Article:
I thought that The Maid of Heaven was unexpected and a compelling read.   I might be interested in following future adventures of the immortal Judas--especially if he encounters any other favorite female historical personages.    

                                

Monday, December 14, 2015

Daughter of Sand and Stone by Libbie Hawker: Blog Tour and Review

 Welcome to this stop on the TLC Book Tour for:

DAUGHTER OF SAND AND STONE by Libbie Hawker
Publication Date December 1, 2015.



Description from Amazon.com:

When Zenobia takes control of her own fate, will the gods punish her audacity?
Zenobia, the proud daughter of a Syrian sheikh, refuses to marry against her will. She won’t submit to a lifetime of subservience. When her father dies, she sets out on her own, pursuing the power she believes to be her birthright, dreaming of the Roman Empire’s downfall and her ascendance to the throne.
Defying her family, Zenobia arranges her own marriage to the most influential man in the city of Palmyra. But their union is anything but peaceful—his other wife begrudges the marriage and the birth of Zenobia’s son, and Zenobia finds herself ever more drawn to her guardsman, Zabdas. As war breaks out, she’s faced with terrible choices.
From the decadent halls of Rome to the golden sands of Egypt, Zenobia fights for power, for love, and for her son. But will her hubris draw the wrath of the gods? Will she learn a “woman’s place,” or can she finally stake her claim as Empress of the East?

                                                    REVIEW

I've been looking forward to this book ever since I read that Libbie Hawker was writing it.  This year I reviewed her Pocahontas novel on Book Babe here.  I found it interesting and absorbing.   Daughter of  Sand and Stone is a book dealing with Queen Zenobia of Palmyra.   She was a warrior queen and a rebel against the Romans like  another favorite of mine, Queen Boudica of the Iceni.  I lick my chops and salivate when I learn about historical fiction dealing with Zenobia.  I received a copy from the publisher via Net Galley in return for this honest review.

The first time I read a Zenobia novel I was disappointed.  It was The Rise of Zenobia by J. D. Smith.  I reviewed Smith's version on Book Babe here.  My biggest problem with it was that Zenobia wasn't the protagonist.  It was her general, Zabdas.   I felt distanced from Zenobia.  In Daughter of Sand and Stone, Zabdas plays an important role, but the main perspective is very definitely Zenobia's.

I feel that it's also important to mention the recent destruction of Palmyra by ISIS in the context of any current review of a book about Zenobia. Here is an article about it from the U.K. Guardian.  Zenobia loved her city and it means a great deal to modern day Syrians who are opposed to ISIS. Ancient Palmyra and Zenobia are essential parts of  our world heritage, but they particularly belong to the history of Syria.  It seems to me that anyone who participates in preserving the memory of ancient Palmyra and Zenobia is engaging in an act of defiance against those who seek to destroy them.  That's what Daughter of Sand and Stone means to me.  It's an act of defiance.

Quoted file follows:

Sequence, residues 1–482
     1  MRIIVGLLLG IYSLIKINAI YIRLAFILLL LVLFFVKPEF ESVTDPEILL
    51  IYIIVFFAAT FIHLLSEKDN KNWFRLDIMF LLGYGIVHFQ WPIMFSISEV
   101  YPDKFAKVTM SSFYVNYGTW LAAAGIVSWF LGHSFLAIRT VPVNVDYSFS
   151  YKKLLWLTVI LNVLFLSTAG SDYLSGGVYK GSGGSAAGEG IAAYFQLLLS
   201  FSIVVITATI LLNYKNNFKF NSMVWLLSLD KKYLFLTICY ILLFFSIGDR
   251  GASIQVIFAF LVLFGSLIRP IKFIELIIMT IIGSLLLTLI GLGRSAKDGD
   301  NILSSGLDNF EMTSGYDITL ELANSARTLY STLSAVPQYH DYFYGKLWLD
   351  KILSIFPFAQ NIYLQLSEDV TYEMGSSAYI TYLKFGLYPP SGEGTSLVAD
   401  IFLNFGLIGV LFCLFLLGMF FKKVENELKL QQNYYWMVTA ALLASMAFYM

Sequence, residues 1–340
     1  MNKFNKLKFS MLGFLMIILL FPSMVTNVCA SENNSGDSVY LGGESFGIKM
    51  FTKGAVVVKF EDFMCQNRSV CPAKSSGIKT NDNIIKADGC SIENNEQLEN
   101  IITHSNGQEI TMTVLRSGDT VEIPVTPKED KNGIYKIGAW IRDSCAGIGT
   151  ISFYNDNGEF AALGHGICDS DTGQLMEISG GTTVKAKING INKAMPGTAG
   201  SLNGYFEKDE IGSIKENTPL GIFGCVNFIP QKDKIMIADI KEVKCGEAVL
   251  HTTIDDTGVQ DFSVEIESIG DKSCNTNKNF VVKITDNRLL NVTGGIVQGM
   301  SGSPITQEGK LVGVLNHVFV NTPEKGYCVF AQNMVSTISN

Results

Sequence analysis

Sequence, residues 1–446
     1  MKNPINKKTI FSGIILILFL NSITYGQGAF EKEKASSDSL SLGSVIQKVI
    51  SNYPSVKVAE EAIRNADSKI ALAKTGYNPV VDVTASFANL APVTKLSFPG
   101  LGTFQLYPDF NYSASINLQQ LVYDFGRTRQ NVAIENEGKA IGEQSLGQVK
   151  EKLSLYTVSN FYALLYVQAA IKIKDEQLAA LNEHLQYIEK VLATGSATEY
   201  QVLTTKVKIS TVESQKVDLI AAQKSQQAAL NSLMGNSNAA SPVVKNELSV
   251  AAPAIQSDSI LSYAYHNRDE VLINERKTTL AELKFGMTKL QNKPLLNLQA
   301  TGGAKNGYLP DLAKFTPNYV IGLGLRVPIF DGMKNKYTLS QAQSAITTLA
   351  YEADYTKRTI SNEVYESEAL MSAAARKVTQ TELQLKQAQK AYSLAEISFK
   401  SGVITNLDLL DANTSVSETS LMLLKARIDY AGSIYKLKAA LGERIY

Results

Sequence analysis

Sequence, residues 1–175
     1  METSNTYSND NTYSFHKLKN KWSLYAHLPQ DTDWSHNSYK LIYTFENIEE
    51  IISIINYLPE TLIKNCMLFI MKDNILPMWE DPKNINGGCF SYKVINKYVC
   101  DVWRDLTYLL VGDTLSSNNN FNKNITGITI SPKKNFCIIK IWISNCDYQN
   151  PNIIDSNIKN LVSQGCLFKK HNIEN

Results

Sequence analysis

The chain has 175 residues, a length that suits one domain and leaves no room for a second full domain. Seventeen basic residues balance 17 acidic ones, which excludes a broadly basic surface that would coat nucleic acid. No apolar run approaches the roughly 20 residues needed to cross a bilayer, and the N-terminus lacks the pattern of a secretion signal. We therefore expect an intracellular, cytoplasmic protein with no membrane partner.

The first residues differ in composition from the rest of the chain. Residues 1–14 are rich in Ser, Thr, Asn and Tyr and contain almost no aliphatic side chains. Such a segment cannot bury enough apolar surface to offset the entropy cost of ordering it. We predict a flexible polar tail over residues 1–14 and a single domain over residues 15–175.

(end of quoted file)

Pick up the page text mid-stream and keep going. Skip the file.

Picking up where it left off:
Like Libbie Hawker's Pocahontas, her Zenobia is ambitious.   In the case of Pocahontas, it's definitely a flaw due to lack of maturity.  She simply craves attention and her ambitions are comparatively small scale.  On the other hand, Hawker's Zenobia wants an empire and to reign as Queen in Egypt like her maternal ancestor, Cleopatra.  She is continually told  by members of her family and later by a Roman Emperor that she is  going beyond the bounds of women's sphere.  I think this is a strength.   We need women like Zenobia.  She had courage, vision and intelligence.  She deserved to succeed.

Hawker extrapolates from Roman primary sources for the ending of her novel. In Hawker's very detailed Author's Note she says that a number of writers on Zenobia don't believe the official Roman version and I confess that I don't either.  Within the context of the book, it was anti-climactic.  So in addition to my feelings that it was out of character and not a fit ending for Zenobia, it wasn't a good ending from a dramatic perspective.

Yet up until that ending, I was cheering on Zenobia and feeling so delighted that we got a modern novel about the Warrior Queen of Palmyra in which she lives and breathes.  It may not be the ideal Zenobia novel, but it perpetuates her legacy at a time when I think it's particularly important to do so.

                                  ***************
Links for more information about Daughter of Sand and Stone



Author's website: http://libbiehawker.com

Facebook:  https://www.facebook.com/libbie.hawker?fref=ts&ref=br_tf

 

Libbie Hawker’s TLC Book Tours TOUR 

STOPS:

Monday, November 30th: Peeking Between the Pages
Tuesday, December 1st: Bibliotica
Tuesday, December 1st: Life is Story
Wednesday, December 2nd: Reading Reality
Thursday, December 3rd: A Chick Who Reads
Friday, December 4th: Thoughts from an Evil Overlord
Monday, December 7th: Luxury Reading
Tuesday, December 8th: Spiced Latte Reads
Wednesday, December 9th: Book Dilettante
Thursday, December 10th: Mom’s Small Victories
Friday, December 11th: Book Nerd
Monday, December 14th: Book Babe
Tuesday, December 15th: A Bookish Affair
Wednesday, December 16th: The Reader’s Hollow
Thursday, December 17th: Books a la Mode – author guest post
Monday, December 21st: Raven Haired Girl
Tuesday, December 22nd: The Lit Bitch
Friday, December 25th: Patricia’s Wisdom
Tuesday, December 29th: I’m Shelfish
Tuesday, December 29th: Time 2 Read
Wednesday, December 30th: Broken Teepee